A request for Waialae, Kaimuki and
Palolo Improvement Club for the use
of . Liliuokalanl school for meetings,
etc., was unanimously granted on mo
tion of Low. ':i 'xX-XX:
Low was appointed to Investigate
the complaint of Prof. Scott about the
disturbing of McKinley High School
by the passing of wagon trains hauled
by a traction engine. Engineer White-!
house made light-of the grievance. !
A letter was received from , the j
Rapid Transit Co. and referred to the
engineer and the road committee, call
ing attention to the necessity of ar
ranging with the Pearl JIarbor Trac
tion Co. for crossing its right of way
by the Puuloa road under construc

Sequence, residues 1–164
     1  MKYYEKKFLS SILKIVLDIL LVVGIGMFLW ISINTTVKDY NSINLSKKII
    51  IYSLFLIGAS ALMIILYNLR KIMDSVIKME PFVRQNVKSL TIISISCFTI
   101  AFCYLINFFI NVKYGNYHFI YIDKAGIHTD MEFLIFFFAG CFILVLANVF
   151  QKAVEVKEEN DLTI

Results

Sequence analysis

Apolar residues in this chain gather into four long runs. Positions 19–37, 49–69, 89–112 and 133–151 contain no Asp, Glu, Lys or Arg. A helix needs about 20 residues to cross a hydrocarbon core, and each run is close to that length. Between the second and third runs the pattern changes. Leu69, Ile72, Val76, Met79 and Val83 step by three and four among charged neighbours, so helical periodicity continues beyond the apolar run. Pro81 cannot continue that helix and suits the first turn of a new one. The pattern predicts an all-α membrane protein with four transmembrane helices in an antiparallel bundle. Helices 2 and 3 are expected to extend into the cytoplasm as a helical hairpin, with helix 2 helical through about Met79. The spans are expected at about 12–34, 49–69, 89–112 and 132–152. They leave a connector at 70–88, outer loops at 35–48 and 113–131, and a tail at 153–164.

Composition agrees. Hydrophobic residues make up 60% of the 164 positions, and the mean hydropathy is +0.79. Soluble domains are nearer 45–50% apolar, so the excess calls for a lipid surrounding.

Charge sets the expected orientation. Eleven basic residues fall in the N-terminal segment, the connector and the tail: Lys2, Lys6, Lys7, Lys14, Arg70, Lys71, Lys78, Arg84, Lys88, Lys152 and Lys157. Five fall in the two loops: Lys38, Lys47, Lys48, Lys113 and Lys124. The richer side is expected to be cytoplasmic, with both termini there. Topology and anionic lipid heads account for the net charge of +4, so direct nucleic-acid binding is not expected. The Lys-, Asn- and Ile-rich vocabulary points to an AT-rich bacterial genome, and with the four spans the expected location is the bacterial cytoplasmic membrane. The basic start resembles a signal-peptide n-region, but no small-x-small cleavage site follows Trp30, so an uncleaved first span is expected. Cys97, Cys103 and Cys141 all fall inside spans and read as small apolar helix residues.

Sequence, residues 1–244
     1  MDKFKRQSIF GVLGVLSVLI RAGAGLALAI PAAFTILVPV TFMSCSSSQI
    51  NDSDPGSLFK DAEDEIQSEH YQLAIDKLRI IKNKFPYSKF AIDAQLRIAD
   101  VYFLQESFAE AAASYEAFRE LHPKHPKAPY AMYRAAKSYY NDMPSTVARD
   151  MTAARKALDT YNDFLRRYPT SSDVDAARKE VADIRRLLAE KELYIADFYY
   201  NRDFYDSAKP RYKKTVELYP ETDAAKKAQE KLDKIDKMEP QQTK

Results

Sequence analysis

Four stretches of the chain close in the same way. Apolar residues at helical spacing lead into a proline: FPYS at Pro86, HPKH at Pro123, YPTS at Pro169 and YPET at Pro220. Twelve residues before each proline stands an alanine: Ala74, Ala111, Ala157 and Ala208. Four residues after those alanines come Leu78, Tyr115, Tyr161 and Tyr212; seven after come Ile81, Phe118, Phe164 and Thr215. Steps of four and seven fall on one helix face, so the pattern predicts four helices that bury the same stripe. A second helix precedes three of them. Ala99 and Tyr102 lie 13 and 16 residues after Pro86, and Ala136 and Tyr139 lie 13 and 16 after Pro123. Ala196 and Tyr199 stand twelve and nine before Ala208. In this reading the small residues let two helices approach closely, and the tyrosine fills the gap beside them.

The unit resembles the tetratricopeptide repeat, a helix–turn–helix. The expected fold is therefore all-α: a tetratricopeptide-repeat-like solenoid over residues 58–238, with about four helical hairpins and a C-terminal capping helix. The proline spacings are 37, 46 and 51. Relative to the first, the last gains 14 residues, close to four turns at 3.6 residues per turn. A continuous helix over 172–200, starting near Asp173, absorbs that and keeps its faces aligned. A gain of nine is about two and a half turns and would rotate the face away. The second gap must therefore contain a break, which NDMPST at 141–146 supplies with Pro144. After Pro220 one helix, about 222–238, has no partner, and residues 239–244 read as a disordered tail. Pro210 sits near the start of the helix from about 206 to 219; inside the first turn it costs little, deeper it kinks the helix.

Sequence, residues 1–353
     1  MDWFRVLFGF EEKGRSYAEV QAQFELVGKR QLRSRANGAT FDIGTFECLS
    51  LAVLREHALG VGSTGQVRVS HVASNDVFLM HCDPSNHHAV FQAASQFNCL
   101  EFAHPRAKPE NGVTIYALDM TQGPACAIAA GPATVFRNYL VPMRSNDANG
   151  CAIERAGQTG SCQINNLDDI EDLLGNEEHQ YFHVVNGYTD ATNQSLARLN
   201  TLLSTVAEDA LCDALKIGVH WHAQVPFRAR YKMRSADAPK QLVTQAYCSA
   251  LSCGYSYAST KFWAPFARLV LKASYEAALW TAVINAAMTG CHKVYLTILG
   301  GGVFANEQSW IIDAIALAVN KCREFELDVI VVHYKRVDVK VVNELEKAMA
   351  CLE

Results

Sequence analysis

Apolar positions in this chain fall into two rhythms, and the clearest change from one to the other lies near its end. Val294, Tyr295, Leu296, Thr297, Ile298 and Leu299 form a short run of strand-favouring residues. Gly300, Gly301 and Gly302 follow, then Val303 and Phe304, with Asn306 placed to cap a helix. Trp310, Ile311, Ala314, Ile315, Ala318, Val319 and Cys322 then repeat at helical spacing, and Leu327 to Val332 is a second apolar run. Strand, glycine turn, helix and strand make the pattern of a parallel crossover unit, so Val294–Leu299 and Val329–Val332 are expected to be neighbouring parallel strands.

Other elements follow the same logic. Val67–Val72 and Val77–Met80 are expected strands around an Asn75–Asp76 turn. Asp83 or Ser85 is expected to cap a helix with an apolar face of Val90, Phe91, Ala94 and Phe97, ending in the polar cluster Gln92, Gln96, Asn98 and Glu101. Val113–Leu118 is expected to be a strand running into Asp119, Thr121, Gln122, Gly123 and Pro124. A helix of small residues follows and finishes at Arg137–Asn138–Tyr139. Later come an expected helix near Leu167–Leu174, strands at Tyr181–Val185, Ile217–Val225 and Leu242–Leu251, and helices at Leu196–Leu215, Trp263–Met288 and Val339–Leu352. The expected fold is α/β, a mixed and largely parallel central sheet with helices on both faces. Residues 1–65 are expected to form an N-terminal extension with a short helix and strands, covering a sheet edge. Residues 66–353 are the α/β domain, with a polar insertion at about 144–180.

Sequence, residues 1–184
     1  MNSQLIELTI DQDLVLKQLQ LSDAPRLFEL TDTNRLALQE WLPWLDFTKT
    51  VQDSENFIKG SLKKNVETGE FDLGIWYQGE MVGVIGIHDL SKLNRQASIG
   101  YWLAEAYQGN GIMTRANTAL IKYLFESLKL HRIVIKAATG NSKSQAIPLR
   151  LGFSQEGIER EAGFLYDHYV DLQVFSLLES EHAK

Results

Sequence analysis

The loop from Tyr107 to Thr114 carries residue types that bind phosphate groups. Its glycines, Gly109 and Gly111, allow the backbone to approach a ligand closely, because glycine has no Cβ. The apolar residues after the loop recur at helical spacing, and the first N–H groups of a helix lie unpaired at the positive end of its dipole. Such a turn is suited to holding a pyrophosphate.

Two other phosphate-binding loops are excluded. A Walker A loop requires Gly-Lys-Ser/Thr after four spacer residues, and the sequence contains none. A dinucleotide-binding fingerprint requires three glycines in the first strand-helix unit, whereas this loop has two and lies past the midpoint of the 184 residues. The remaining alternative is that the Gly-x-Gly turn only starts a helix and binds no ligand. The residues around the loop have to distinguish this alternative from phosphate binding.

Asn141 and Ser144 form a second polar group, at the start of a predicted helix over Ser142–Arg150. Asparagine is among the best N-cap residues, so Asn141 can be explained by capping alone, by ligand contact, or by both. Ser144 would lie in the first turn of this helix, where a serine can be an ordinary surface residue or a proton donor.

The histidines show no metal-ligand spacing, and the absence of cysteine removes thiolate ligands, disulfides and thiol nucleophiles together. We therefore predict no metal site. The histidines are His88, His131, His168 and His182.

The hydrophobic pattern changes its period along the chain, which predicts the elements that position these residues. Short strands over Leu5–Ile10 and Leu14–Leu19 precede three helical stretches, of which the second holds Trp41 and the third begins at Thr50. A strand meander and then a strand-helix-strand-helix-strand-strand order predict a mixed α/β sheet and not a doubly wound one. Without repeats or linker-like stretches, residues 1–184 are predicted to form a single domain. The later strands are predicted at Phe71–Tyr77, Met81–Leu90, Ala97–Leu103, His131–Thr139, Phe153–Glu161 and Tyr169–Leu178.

tion. It was pointed . out : that :, the
A Great Sif
HONEST MINING, INTELL1GENTLY DIRECTEO, RESULTS IN
THE DISCQVERY OF, AN ENORMOUS ORE.OODY 31 FCST WIDE
: BETWEEN WALLS ON THE 300 LEVEL f ON ;THE QUZZN, RE
GENT MERGER MINES COMPANY. 5;-'f!'V t ' 1
This important discovery may disclose? ore of fabulous richness..
Engineers report that It will develop into one of paying big mines of
Nevada. . . XX'- s: '..- h.ivv. X X r ' 1 -s--
, These shares are considered the beat buy in Nevada today, at the
present low price of 7p2 cents per share. ".-...- ;
Advance in price soon, and the advance will bo without notice.
WHAT YOUR MONEY CAN
: BUY Cash Payment
100 Shares at
503 " M
1000 u. u
. 3750 -.
Flows More Than 1000 Ba
. Per Day
Company controls 25,000 acres of land In the oil zone of Mexico.
It is predicted that Mexico will eclipse California in the production
of cil. . . :